Changes in INS and Federal Policies following the Attacks on the World Trade Center

One of the most asked questions by our clients, regardless of their country of origin, is “how will the attack on the World Trade Center affect my case?” For many clients there may be no direct ascertainable affect on a client case. However the INS is applying a great deal more scrutiny to foreign students and for persons from countries identified as “terrorist sponsor” states thousands of people will be affected in California alone.

Recent actions of the Immigration and Naturalization Service, the Federal Bureau of Investigations (FBI), as well as proposed legislation in Congress indicate a growing concern regarding individuals who have entered as students on F-1, J or other student visas.

Under the “USA PATRIOT Act” (“Uniting and Strengthening American by Providing Appropriate Tools Required to Intercept and Obstruct Terrorism Act) the INS is directed to implement measures first detailed in the 1996 IRRIRA and expand this program to include educational institutions such as flight schools, language training schools and vocational schools.Tracking of Student Visas is expected to improve as the INS begins to implement a nationwide computer database by 2003.

At the administrative level the President issued a directive ordering a thorough review of student visa policies enlisting the support of the Secretary of State Colin Powell, Attorney General John Ashcroft, and the Secretaries of Education, Defense and other agencies to tighten controls for issuance of student visas.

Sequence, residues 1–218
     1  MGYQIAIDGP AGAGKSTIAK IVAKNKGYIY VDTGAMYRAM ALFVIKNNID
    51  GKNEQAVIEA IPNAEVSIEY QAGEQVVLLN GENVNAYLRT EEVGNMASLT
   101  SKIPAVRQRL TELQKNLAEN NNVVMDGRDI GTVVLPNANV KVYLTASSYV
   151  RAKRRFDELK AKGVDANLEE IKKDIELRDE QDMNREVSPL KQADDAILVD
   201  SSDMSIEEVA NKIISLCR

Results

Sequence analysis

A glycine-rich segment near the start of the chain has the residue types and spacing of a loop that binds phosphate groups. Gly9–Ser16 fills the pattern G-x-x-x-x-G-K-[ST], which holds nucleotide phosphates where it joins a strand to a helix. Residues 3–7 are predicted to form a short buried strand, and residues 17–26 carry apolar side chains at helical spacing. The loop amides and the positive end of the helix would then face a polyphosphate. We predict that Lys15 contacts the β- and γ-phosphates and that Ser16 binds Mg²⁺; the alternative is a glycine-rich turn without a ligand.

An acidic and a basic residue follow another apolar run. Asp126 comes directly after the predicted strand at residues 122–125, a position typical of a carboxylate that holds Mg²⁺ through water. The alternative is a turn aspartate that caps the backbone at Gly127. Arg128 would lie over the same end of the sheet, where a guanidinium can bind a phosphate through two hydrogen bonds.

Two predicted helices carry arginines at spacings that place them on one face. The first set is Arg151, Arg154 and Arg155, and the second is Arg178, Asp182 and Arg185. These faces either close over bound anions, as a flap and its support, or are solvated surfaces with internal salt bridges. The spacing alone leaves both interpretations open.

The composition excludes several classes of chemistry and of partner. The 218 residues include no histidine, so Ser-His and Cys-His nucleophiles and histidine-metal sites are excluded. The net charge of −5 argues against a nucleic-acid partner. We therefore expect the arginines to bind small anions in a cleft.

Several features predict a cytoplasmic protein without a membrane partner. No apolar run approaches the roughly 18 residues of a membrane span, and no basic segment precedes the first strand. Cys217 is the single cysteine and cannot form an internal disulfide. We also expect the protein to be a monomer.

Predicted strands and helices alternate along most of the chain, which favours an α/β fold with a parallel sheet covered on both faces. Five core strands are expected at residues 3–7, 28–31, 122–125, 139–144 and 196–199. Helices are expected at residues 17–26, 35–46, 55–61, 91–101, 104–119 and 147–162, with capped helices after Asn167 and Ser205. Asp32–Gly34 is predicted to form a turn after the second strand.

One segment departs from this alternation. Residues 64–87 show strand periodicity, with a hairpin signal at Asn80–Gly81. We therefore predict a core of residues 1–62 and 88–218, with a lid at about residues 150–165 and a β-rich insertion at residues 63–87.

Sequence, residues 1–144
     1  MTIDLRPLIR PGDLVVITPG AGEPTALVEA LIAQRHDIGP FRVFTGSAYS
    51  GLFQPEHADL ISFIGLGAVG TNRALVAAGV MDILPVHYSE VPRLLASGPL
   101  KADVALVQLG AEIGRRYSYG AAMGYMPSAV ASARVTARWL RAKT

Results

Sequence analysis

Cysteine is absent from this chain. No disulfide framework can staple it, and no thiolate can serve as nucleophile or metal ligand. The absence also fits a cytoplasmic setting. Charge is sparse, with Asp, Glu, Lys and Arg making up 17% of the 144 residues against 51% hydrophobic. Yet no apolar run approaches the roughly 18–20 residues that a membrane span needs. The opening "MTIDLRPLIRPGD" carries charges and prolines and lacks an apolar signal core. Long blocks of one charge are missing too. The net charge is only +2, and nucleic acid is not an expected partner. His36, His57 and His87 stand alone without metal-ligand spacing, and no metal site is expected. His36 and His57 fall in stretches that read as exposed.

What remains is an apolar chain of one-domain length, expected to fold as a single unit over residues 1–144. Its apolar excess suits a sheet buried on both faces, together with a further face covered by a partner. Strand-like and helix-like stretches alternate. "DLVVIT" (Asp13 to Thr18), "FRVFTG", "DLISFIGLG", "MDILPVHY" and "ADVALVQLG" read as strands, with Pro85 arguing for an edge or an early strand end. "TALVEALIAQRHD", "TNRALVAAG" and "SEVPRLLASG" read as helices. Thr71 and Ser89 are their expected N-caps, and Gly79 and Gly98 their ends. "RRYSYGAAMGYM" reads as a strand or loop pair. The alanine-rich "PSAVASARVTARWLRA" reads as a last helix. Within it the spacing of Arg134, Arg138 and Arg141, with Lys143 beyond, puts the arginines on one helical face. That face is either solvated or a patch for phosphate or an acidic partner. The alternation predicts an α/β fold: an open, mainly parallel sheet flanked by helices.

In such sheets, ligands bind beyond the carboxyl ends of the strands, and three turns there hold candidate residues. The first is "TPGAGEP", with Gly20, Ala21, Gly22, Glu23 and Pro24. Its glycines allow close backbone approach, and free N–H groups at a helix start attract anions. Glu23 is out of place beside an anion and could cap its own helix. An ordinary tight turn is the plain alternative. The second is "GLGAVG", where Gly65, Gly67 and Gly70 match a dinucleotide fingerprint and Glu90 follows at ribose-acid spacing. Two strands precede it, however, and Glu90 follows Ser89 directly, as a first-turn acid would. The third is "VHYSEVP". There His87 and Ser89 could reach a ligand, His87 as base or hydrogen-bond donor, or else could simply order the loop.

News reports indicate the arrest of 10 students in the San Diego Area as a result of a “sweep” by the San Diego District Office of the INS, with more sweeps to follow by other INS District Offices in California and the rest of the country. The focus of concern by the INS is on students who have failed to enroll for school, dropping out of school (failing to attend classes), or remaining in the United States on expired visas.

The San Diego County sweep was conducted with the cooperation of INS some 280 colleges, universities, English-language programs and vocational schools authorized to enroll foreign students in San Diego and Imperial counties. The participating schools included the University of San Diego, University of California San Diego, San Diego State University.

A recently published copy of a letter to Department of Justice Attorneys provides guidelines for interrogation and interviews of foreign students requiring coordination with campus security prior to interview of students, questioning on the students complete educational background, licenses and areas of expertise, full questioning about academic studies and future plans.

In addition persons who work in the travel industry and in particular employees associated with airports of companies providing services to airports may be subject to background checks and reviews. These background checks were ordered by the FAA as early as September 19, 2001. The checks include airport and airline employees, plus employees of contractors who have access to aircraft, runways or other secure areas of terminals, according to federal standards.

The point is that for those persons who have let student or tourist visas expire or are in danger of doing so, the time is “now” maintain visa status through enrollment or explore other immigration options. For those persons who are eligible to naturalize and have put off doing so, the time is “now” to prepare and submit naturalization applications. For hundreds of people in California alone their jobs may depend on it.